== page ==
Today (May 31) is World No Tobacco Day. This year’s theme is Grow Food, Not Tobacco. The World Health Organization (WHO) is focusing on how tobacco growing harms our health, the health of farmers, and the health of our planet.
According to WHO, the tobacco industry is contributing to the global food crisis. Some reasons include:
- Scarcity of quality land. Quality land is increasingly being used for tobacco growing in low- and middle-income countries, reducing the amount of land that could be used for crops to nourish people.
- Limited choice of alternatives. Choices of alternative crops are sometimes limited due to absence of strong assured markets as compared to the tobacco market, as well as of government support to transition away from tobacco growing.
- Degrading of soil. The tobacco plant and the chemicals required to grow it degrade the soil, and intercropping – the practice of growing two or more crops in close proximity – is a challenge as the soil is depleted of essential nutrients for productive farming.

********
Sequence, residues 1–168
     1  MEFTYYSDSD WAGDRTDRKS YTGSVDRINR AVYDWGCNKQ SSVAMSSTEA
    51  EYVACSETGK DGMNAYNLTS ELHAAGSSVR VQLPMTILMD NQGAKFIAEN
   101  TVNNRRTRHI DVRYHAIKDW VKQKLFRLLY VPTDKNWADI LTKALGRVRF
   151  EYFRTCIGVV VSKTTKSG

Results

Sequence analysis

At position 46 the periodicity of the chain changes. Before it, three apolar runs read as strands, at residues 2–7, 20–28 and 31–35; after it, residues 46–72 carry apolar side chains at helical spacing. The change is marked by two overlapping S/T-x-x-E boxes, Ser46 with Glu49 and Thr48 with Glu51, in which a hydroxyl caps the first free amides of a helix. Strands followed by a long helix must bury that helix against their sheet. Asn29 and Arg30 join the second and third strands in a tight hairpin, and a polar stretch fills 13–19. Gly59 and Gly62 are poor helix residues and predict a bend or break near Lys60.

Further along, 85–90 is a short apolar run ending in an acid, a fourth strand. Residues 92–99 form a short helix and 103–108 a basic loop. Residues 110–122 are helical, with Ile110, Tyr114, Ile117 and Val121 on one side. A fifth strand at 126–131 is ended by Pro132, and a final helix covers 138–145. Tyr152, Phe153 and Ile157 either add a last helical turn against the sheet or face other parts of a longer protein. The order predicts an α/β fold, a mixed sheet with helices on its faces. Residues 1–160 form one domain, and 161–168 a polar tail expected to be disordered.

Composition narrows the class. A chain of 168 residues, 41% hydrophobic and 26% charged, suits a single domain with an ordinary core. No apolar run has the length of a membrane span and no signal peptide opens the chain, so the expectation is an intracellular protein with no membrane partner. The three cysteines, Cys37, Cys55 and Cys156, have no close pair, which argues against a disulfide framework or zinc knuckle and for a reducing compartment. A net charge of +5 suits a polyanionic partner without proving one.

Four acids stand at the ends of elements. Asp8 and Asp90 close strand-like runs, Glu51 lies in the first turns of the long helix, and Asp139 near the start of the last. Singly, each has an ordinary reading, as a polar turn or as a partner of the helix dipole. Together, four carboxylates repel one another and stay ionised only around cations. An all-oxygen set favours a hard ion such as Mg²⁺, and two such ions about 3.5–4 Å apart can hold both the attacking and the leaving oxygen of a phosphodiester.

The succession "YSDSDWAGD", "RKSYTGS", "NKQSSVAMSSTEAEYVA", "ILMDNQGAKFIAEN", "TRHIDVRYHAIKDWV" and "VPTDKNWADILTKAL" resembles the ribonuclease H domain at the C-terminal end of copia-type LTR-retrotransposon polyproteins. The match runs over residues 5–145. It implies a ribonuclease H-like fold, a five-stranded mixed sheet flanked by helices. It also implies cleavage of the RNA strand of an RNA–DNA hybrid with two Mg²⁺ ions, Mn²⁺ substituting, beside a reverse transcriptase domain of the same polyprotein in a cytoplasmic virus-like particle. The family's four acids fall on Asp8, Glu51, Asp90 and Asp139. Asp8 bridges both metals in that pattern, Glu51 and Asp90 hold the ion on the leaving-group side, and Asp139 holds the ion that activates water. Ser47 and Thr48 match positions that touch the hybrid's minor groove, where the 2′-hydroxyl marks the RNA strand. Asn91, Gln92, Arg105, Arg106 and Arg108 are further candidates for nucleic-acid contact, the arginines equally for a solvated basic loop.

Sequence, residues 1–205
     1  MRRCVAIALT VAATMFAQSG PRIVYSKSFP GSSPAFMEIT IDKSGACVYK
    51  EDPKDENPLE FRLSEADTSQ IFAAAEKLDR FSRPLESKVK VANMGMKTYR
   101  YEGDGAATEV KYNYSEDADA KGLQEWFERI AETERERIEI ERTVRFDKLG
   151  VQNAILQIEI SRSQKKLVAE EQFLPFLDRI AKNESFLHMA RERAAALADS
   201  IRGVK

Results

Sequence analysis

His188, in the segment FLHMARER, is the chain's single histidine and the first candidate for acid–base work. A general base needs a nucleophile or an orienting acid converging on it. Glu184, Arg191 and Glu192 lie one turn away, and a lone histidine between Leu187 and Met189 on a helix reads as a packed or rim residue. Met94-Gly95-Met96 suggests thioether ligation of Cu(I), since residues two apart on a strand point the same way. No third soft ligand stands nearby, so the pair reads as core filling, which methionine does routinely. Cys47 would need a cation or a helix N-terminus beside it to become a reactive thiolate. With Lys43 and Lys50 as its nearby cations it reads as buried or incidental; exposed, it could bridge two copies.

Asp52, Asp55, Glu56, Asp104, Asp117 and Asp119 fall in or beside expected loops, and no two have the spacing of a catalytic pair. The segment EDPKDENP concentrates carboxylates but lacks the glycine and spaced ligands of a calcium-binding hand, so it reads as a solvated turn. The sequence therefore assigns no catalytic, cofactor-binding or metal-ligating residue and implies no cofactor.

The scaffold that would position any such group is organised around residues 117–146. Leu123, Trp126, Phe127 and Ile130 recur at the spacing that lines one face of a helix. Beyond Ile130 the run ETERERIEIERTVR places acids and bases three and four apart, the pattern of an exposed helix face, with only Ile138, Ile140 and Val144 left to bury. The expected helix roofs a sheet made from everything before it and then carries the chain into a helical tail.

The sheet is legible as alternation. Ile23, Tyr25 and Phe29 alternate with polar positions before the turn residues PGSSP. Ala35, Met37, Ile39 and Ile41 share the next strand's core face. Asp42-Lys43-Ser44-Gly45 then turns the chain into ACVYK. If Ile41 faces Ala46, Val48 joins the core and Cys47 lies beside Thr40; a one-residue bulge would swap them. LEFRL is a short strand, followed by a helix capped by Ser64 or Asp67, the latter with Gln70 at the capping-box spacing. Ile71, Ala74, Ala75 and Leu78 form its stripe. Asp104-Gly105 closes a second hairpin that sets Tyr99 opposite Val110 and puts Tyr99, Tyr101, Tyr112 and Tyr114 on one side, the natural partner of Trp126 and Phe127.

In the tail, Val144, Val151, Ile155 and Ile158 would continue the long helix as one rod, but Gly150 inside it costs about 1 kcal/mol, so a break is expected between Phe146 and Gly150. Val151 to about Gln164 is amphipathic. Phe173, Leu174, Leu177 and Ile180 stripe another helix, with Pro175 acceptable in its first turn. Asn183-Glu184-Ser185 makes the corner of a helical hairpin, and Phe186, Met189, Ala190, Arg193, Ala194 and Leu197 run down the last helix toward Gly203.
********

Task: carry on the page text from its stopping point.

- Crop intensity. Tobacco is a labour-intensive crop that takes up to 9 months to mature, which makes it difficult for smallholder farmers to grow food crops within the same year.
Tobacco growing also leads to harming the health of farmers. They are exposed to heavy chemicals and nicotine, and may absorb up to 50 cigarettes per day worth of nicotine when planting, cultivating or harvesting tobacco. Tobacco farmers also inhale tobacco smoke during the curing process, which can increase risk of having chronic lung conditions.
The environmental impacts of tobacco are enormous. Tobacco growing requires heavy use of pesticides, which seep into our soil. Deforestation is another concern, according to WHO, tobacco farming accounts for about 5% of total deforestation. It takes roughly one tree to make 300 cigarettes. To learn more about World No Tobacco Day and the impacts of tobacco farming, click here.